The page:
Yesterday, right after I’d finished reading an article on The Daily Beast about it being the 40th anniversary of Bob Dylan’s 1976 album, Desire, I clicked over to YouTube where I dialed up “Hurricane,” Dylan’s powerful narration of the story of middleweight boxing contender Rubin “Hurricane” Carter, which was the lead single from it. Carter was imprisoned for almost 20 years on flimsy evidence (a random bullet and a shotgun shell found in his car) and sketchy testimony (that the perpetrators had been black, pretty much) for a triple homicide “race killing” in a Paterson, NJ bar in 1966. I still had the Wikipedia page on Carter open on my browser when I saw, in another tab that New York attorney Myron Beldock, who worked for over a decade to free Carter, had died at 86.
Throughout his long career Beldock, who described himself as “a creature of my time, liberal, progressive and idealistic” had a reputation for taking on legal lost causes. One such case was representing George Whitmore Jr., a black teenager who was arrested in Brooklyn in 1964 for the rape and knife-killing of several women. Whitmore claimed he was beaten by NYPD officers until he signed a falsified confession. The outcome of this case would become highly influential in the Supreme Court’s 1966 Miranda decision, which required police to advise suspects of their right to remain silent and be represented by an attorney, and in overturning capital punishment in New York State. But Beldock’s most famous client was Rubin “Hurricane” Carter.
Carter’s case had been boosted by copies of his 1974 autobiography The 16th Round, which proclaimed his innocence, being sent around to notable lefty-types who might want to lend their celebrity to his cause. Esquire magazine’s art director George Lois organized a campaign to support Carter and Muhammad Ali was vocal in proclaiming that Carter was innocent. (Joni Mitchell, however, who was also one of the books’ recipients, passed thinking “This is a bad person. He’s fakin’ it.”)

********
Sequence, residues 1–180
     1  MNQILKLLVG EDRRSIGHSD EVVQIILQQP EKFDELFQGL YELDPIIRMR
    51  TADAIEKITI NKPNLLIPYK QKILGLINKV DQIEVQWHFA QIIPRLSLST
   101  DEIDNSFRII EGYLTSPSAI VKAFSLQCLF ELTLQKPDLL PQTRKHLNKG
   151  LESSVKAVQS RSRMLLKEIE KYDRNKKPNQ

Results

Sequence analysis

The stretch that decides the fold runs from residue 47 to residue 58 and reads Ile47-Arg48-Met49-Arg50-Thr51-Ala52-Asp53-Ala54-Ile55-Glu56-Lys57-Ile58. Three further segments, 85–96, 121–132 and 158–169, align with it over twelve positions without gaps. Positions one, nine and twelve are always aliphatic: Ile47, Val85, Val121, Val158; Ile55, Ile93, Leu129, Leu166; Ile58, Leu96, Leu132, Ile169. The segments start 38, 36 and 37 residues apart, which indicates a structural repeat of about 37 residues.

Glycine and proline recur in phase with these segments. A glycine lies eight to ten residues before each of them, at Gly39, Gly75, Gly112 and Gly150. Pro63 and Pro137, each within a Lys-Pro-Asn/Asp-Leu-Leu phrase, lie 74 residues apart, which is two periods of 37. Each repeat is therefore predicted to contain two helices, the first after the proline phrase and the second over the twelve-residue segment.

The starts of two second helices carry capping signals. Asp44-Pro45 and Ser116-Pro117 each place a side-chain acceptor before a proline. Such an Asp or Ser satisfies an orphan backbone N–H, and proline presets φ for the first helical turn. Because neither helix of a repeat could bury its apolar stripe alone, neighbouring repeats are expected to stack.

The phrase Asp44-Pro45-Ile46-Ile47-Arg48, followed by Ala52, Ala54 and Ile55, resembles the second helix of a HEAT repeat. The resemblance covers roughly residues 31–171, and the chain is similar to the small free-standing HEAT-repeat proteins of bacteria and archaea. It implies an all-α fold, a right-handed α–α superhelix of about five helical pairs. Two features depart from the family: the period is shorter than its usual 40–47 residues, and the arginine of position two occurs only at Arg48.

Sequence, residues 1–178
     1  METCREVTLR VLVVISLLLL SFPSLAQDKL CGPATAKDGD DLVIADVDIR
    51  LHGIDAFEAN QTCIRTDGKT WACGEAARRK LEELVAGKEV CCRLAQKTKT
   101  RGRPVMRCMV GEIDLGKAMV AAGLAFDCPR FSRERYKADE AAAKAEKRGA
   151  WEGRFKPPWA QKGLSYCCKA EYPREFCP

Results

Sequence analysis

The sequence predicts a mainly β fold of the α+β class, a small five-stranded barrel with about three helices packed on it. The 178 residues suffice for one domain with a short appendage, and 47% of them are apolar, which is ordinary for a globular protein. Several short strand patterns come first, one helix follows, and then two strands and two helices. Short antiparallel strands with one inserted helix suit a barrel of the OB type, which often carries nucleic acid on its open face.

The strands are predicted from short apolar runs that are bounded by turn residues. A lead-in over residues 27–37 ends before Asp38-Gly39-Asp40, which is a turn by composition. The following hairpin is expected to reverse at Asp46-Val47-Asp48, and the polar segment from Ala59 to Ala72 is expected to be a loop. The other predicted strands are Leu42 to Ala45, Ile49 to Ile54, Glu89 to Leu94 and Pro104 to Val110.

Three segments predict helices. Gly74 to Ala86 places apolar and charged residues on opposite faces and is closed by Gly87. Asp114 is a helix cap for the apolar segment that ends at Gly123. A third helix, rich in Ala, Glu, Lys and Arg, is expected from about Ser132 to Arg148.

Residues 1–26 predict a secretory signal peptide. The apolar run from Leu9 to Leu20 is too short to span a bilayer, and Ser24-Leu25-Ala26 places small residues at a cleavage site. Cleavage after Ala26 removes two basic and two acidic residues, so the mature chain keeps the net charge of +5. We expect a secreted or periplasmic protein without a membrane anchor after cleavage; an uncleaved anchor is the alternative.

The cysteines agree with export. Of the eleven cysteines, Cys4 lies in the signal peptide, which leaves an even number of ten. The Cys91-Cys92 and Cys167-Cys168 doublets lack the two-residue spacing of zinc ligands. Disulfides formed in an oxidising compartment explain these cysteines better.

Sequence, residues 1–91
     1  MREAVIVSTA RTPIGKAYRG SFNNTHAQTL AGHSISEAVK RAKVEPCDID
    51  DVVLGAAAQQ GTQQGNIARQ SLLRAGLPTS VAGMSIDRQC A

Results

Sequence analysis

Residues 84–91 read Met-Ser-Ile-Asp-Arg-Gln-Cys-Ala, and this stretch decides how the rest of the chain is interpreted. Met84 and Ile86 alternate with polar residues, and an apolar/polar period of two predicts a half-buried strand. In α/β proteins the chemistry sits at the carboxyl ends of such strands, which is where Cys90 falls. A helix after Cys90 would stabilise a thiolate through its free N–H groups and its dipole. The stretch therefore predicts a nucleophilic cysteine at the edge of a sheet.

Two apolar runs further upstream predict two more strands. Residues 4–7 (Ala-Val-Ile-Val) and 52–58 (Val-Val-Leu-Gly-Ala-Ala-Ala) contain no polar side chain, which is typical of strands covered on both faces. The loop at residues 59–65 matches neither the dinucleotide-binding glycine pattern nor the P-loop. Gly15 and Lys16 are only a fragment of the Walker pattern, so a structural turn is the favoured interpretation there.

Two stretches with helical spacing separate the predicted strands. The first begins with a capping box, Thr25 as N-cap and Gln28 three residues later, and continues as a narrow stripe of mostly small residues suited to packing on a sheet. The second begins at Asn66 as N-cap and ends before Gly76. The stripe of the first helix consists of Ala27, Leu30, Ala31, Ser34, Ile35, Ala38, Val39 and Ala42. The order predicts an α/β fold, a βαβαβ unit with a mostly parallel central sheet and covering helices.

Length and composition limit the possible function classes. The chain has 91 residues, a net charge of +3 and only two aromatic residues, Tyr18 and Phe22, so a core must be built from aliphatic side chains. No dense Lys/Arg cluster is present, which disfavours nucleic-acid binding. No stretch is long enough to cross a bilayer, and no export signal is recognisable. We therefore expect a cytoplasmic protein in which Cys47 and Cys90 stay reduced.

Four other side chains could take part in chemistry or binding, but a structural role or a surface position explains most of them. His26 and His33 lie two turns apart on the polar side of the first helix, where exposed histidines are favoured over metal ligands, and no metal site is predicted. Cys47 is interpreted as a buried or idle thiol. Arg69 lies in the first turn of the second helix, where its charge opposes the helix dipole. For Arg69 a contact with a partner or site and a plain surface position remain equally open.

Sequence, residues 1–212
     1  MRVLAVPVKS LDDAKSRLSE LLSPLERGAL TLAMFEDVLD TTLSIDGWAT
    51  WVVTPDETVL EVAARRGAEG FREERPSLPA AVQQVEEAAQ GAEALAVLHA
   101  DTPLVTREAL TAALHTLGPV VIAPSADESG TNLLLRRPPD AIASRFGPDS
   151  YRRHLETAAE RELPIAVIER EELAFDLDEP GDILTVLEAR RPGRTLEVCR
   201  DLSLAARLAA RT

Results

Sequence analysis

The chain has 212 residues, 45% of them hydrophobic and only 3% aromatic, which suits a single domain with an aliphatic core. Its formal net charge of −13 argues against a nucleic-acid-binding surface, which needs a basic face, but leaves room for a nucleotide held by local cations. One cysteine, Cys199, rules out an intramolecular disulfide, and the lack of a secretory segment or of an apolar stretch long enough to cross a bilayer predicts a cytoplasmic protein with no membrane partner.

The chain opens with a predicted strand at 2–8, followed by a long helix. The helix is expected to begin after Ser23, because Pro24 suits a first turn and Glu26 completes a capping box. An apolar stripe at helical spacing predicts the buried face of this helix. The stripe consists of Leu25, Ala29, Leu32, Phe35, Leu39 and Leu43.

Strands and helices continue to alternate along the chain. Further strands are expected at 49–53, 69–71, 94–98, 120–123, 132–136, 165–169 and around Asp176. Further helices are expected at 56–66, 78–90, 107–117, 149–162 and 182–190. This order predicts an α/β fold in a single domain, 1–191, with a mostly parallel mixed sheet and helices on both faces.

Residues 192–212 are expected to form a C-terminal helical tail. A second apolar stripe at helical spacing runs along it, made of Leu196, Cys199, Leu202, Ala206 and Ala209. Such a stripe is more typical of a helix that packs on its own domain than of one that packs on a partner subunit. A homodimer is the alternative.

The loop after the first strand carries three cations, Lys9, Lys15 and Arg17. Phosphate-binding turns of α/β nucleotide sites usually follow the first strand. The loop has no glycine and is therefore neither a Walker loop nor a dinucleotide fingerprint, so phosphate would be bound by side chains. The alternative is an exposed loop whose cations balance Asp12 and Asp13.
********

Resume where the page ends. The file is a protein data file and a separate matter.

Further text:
Her friend Bob Dylan felt differently. Dylan read Carter’s book during a 1975 trip to France, and visited the boxer—who was then incarcerated in a New Jersey penitentiary—in May. The two met for several hours and Dylan agreed to help him.
Having difficulty cracking the lyrics, Dylan enlisted Jacques Levy, a New York-based theatrical director who had worked with Sam Shepard (and who’d staged the nude comedy review Oh! Calcutta! off Broadway) to help. Levy said of the song:
“The first step was putting the song in a total storyteller mode, the beginning of the song is like stage directions, like what you would read in a script: ‘Pistol shots ring out in a barroom night… Here comes the story of the Hurricane.’ Boom! Titles. You now, Bob loves movies, and he can write these movies that take place in eight to ten minutes, yet seem as full or fuller than regular movies.”
“Hurricane” was premiered to an audience of about 100 people in Chicago on September 10th, 1975 during the taping of Bob Dylan’s performance on the PBS TV series Soundstage. This particular episode was titled “The World of John Hammond,” being a tribute to the retiring Columbia Records executive and civil rights activist who’d signed Dylan, Bruce Springsteen, Aretha Franklin and Leonard Cohen (among many, many others) during his fabled 45-year-long career in the music industry. The show, broadcast in December would be Dylan’s very first TV appearance since his duet with Johnny Cash in 1969. The 8:33 single was recorded on October 24 and released in November.
Dylan’s Rolling Thunder Revue was used by the artist as a platform to campaign for Rubin Carter’s release and the first leg of the tour ended at Madison Square Garden on December 8th with a benefit concert dubbed the “Night of The Hurricane.” Roberta Flack and Muhammad Ali, who called Carter in his jail cell from the stage, also participated. A second event, Night of the Hurricane II, took place on January 25th at the Houston Astrodome and featured Stevie Wonder and Stephen Stills.
Continues after the jump…